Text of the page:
Mowi, the world’s largest salmon farming company, has offered to close two of its “contentious” Scottish salmon farm sites in return for permission to relocate them to offshore locations “more appropriate for modern day aquaculture.”
Mowi said the sites will be closed permanently “conditional to the support from our regulatory system to transfer the biomass to other locations, and to sustainably expand our production in the best possible areas for salmon farming.”
Mowi, formerly known as Marine Harvest, said: “Loch Ewe and Loch Duich are two sites the company has identified as candidates for relocation due to the enclosed nature of the sea lochs where the farms are situated and the sites’ proximity to sensitive wild salmonid habitats.”
Ben Hadfield, managing director of Mowi Scotland, said: “Mowi has strived to improve relations with the wild fish sector and has been clear that it will seek to expand its operations in Scotland, whilst securing reduced impact on the environment and further developing the significant economic contribution that it makes to rural Scotland.
“In absence of a regulatory framework that enables relocation of a farm’s biomass, we are wanting to engage with our government, environmental groups and salmon fishery boards to pursue this opportunity.
“The sites will be closed permanently conditional to the support from our regulatory system to transfer the biomass to other locations, and to sustainably expand our production in the best possible areas for salmon farming thus protecting the associated jobs.”
Mowi Scotland’s parent firm Mowi ASA is the world’s largest producer of Atlantic salmon and had turnover of €3.8 billion in 2018.
Mowi ASA is listed on the Oslo Stock Exchange (OSE) and its shares also trade on the US OTC market.
Mowi’s head of environmental management Stephen MacIntyre said: “We want to align our growth plans with the Scottish Parliament’s Rural Economy & Connectivity Committee (RECC) recent recommendations and have plans to sustainably grow our fish production levels over the next few years by expanding into new high-energy farming areas located further offshore.”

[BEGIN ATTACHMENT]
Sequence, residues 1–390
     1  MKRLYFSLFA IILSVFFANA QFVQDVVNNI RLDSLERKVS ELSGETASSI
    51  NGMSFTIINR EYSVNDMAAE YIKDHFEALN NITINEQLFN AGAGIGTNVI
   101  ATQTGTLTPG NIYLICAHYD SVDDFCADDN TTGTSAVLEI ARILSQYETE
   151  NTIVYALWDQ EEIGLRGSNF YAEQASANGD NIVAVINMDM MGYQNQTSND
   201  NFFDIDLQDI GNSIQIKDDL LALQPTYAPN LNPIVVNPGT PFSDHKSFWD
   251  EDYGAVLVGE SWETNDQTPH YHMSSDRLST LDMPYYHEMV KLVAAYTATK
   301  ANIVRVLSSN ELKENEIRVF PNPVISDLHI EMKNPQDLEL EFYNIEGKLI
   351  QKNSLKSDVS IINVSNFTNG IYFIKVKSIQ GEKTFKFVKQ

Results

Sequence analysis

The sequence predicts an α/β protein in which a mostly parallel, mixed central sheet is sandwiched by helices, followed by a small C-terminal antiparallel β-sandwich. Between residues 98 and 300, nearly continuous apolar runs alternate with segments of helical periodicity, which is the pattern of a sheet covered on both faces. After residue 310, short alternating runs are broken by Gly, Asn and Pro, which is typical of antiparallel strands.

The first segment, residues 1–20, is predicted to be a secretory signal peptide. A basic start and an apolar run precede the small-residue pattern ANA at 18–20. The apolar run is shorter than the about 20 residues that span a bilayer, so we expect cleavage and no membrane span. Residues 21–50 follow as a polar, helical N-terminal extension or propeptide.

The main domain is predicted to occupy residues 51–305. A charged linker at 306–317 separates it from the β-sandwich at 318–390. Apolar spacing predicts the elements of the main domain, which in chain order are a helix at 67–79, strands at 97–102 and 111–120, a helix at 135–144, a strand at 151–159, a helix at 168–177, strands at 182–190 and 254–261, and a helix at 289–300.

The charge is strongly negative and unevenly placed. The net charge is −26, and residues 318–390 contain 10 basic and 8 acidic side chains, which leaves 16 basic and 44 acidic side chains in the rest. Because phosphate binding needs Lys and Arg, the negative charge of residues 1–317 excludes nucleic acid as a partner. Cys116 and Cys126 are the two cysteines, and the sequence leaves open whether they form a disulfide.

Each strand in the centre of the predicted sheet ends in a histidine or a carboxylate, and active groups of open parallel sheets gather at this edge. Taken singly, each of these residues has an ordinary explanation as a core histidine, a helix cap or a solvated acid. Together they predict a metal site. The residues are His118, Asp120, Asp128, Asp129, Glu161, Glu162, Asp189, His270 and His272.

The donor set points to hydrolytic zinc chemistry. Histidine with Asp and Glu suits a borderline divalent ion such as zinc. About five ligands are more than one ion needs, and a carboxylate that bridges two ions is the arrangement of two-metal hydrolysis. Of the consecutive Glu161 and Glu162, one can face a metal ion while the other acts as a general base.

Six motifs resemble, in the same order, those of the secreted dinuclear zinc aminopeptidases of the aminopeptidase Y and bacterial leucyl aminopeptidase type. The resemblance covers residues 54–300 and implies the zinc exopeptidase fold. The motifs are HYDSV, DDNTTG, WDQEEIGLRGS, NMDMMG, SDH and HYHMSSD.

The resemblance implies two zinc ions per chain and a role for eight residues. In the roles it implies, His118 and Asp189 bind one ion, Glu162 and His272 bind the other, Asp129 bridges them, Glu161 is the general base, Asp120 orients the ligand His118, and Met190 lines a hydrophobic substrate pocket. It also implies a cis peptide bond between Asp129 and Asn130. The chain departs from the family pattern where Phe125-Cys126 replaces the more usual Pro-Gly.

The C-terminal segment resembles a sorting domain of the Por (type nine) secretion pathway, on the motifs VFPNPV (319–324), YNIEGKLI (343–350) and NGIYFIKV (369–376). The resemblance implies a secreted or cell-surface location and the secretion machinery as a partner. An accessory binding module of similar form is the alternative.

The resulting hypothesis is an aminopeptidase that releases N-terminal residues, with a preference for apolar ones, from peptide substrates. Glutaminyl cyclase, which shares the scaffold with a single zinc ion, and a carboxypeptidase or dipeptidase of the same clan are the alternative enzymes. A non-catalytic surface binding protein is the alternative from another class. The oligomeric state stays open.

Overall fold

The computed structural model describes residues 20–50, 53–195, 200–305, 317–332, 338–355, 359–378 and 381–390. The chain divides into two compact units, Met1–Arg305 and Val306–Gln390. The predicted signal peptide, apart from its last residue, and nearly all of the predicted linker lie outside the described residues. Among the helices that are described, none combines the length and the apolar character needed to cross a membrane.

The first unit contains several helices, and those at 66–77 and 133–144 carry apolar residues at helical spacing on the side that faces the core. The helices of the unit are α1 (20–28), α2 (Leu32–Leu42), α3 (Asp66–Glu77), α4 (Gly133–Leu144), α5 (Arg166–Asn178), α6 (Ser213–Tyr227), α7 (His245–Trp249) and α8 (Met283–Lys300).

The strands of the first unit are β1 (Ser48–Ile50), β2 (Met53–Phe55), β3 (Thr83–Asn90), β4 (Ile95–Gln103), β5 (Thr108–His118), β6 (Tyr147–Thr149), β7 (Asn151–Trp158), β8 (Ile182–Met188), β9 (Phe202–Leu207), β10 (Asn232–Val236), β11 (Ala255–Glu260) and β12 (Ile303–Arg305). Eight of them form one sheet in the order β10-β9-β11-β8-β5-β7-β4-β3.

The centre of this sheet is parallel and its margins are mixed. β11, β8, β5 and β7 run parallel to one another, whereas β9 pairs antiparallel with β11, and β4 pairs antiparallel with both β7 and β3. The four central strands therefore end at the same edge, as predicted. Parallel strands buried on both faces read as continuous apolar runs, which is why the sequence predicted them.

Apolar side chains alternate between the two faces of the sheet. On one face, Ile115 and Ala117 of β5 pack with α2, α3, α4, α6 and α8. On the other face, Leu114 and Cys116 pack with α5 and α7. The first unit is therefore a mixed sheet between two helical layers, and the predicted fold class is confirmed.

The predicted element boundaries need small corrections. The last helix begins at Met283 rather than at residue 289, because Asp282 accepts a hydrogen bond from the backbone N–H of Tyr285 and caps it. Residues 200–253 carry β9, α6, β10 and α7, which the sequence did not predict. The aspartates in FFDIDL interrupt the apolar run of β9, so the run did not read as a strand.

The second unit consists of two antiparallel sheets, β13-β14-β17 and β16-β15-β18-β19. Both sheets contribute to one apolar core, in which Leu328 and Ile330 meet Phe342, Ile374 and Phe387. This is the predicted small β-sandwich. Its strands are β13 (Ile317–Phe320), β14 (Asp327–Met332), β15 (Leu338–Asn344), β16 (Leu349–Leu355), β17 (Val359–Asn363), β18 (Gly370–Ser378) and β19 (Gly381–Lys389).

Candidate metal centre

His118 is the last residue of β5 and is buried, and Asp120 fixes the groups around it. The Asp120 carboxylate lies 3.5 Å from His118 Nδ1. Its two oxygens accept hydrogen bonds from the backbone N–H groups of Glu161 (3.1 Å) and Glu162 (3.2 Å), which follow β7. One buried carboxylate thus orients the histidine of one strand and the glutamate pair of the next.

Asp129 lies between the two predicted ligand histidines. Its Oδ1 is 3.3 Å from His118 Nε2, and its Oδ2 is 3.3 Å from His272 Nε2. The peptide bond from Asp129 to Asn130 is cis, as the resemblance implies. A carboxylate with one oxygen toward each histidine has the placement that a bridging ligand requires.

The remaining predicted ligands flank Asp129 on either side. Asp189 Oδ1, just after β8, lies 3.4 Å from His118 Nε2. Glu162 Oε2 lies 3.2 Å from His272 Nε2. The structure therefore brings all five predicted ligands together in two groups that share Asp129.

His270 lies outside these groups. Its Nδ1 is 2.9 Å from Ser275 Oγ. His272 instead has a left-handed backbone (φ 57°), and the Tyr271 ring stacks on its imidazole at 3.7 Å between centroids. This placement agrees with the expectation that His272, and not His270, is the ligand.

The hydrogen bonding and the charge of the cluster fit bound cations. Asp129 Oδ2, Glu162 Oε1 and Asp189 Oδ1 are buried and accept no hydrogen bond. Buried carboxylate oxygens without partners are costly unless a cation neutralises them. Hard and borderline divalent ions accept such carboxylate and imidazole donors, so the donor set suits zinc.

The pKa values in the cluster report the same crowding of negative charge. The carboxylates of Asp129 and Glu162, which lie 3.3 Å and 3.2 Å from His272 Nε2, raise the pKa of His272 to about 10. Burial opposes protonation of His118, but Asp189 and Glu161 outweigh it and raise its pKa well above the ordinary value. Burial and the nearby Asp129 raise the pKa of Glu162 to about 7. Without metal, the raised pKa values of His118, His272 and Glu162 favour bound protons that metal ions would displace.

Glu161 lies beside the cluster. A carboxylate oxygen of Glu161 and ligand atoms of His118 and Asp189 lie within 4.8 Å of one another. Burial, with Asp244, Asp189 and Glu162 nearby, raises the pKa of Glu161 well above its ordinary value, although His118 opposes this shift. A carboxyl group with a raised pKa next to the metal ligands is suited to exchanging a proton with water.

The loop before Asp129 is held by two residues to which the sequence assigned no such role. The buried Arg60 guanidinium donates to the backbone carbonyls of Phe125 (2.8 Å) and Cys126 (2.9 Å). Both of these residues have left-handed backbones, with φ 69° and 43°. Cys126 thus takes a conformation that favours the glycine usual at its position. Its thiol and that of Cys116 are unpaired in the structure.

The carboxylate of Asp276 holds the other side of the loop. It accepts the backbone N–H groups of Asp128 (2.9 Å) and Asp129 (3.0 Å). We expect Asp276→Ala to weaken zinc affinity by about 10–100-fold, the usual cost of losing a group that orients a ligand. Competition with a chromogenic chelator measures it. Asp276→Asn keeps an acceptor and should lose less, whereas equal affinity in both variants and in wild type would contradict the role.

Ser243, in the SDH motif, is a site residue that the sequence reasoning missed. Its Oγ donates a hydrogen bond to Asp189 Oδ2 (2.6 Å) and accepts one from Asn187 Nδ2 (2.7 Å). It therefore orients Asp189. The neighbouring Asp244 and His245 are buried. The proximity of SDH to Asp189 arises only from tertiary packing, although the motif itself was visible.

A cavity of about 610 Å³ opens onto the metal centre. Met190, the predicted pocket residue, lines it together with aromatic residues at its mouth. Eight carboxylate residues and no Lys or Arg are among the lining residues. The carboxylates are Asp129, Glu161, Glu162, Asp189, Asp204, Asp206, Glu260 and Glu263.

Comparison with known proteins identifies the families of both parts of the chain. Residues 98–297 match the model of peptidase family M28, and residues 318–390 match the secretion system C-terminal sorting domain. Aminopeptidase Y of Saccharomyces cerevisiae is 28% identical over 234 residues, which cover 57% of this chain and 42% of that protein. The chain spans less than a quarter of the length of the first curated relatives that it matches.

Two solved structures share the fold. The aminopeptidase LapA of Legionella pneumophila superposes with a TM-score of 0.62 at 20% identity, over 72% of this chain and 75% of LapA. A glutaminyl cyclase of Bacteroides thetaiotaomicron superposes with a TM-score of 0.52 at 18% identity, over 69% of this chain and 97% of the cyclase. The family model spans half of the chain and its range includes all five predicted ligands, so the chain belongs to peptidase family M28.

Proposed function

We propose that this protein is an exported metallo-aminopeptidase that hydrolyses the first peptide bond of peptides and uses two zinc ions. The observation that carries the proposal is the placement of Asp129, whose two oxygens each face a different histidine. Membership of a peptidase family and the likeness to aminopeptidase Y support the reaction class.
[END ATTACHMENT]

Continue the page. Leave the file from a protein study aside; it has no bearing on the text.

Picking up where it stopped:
The RECC report recommended the Scottish Government discuss with salmon farm companies the potential to minimise risk to wild salmon and to improve the locations of existing farms and grow production in a sustainable way.
Mowi also has two new salmon farming locations off the shores of the Isle of Muck and the Isle of Rum.
Bill Whyte, convener for Wester Ross Area Salmon Fishery Board, said: “We welcome Mowi’s recognition that enclosed sea lochs near to sensitive wild salmonid habitat can increase localised impact on wild salmonids.
“We will expect further clarity about the process of biomass relocation, however, if Mowi can provide evidence through EIA planning and Sepa regulatory structure that the relocated biomass will have reduced potential impact on wild migratory fish, then we would be prepared to support biomass relocation on a conditional basis.”
Mowi Scotland’s Hadfield added: “We have spoken to farm staff at both locations to assure them their employment can continue with the company at other new or expanded locations.
“Our ambition is to close contentious locations, jointly working with wild fishery managers.
“We will create increased employment and retain our experienced and dedicated staff, and we will work with west coast Scottish communities to release all the value from farming Mowi salmon in the best possible locations.
“Success for this relocation initiative will be a net increase in production, a net increase in export value for Scotland and a net reduction in our environmental footprint at sensitive locations.
“Scotland’s potential exit from the EU is challenging for us, and as a major and growing employer in the country, we will do our utmost to retain and develop our experienced staff.”